Getting back on track for spraying fruit trees
The almost-daily rain we had this spring really put a damper on fruit tree spraying. Pesticides work best if they are applied at least 24 hours before a rain. When a rain happens before the next spray, the effectiveness is reduced as the material begins to wash off. Even a light rain can wash off a percentage of the spray. Heavy rain can remove almost all of the material, allowing diseases and insects to get a foothold. So you can see how difficult is was spraying fruit trees this spring.
But now it looks like the weather has finally straightened out, allowing us to get back on a regular pest control schedule. It’s too late to do anything about pests that emerged early but summer spraying can control later emerging pests, such as apple maggot, codling moth, peach tree borer and others.
Backyard fruit growers often use an all purpose fruit tree spray mix that contains a combination of insecticides and fungicides to control a wide variety of pests. It’s much more convenient to use and store a single container than a shelf full of assorted specialty materials.
All-purpose sprays are applied as often as every week or two, or as few as twice a season, depending on the formulation used.
There’s a few things to keep in mind when mixing and applying pest control chemicals. These things are always printed on the label but in my experience, I find that not everyone reads all of the fine print. A common mixing ratio is 1 or 2 tablespoons of product per gallon of water -- that’s not very much. It’s tempting to pour in extra because it looks like that can’t possibly be a big enough dose to work, but it really is. Some people think they can approximate the ratio by pouring a quick dash from the bottle into their sprayer tank. I can guarantee that will always result in a much more concentrated solution than necessary. Always take the time to measure your materials carefully.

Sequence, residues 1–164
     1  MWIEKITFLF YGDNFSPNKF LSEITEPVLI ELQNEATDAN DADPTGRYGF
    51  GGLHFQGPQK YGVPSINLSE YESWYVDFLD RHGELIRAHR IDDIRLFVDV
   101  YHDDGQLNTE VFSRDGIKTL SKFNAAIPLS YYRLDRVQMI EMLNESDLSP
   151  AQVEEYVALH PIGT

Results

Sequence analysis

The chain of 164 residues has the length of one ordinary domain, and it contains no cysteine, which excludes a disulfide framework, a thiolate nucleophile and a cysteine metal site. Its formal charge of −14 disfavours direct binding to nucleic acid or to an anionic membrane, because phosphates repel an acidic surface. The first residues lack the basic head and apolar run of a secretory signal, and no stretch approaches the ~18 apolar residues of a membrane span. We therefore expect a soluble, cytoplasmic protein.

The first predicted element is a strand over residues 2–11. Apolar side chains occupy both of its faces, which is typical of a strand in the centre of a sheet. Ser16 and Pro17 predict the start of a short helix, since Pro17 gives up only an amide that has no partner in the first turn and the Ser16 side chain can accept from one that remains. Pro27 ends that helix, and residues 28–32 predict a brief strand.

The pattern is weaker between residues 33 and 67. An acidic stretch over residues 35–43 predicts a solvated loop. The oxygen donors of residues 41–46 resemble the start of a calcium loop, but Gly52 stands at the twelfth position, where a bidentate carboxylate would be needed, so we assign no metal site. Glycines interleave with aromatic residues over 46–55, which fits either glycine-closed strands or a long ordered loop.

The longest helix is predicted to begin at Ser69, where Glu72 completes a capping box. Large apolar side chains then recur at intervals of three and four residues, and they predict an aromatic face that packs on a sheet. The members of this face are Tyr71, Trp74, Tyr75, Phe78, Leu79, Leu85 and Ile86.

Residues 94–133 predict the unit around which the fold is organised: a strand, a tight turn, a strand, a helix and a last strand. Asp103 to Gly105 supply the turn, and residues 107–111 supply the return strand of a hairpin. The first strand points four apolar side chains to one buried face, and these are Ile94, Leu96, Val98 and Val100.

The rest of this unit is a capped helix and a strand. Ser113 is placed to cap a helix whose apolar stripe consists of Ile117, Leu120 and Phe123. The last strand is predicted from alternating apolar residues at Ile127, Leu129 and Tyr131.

Adjust your sprayer’s nozzle to the most efficient spray consistency. A fine spray is more likely to be atomized, like perfume from an old-fashioned perfume bottle, causing it to be blown about even in a light breeze. You are more likely to inhale finely suspended materials in that case. On the other hand, a very coarse spray will not give you consistent coverage, resulting in too much material in one spot and not enough on another.
Wait until the air is calm before spraying to avoid spray going all over the place, except where it’s needed, including in your face. Early morning is best because the air is usually still and pests are at rest and have not started flying around yet.
Spray all surfaces of the tree leaves, don’t just make a spray over the top of the tree. Pests often spend time on the underside of leaves. And spray deep into the center of the tree. One major reason for pruning fruit trees is to allow sprays to penetrate into the tree without a lot of unnecessary leaf growth getting in the way.
To get the most protection for your tree, apply enough material until all leaf and stem surfaces are completely covered with adequate amounts of material. With all purpose sprays, that means until the spray just begins to drip from the tree.
I always try to mix just enough spray so that none is left over. Any small amount that I have left over gets applied evenly over my trees until it’s gone. Both conventional and organic chemicals will lose their oomph if left in the sprayer tank for any length of time and they can corrode, plug up or otherwise damage sprayer parts. Always rinse out your spray equipment right after each use.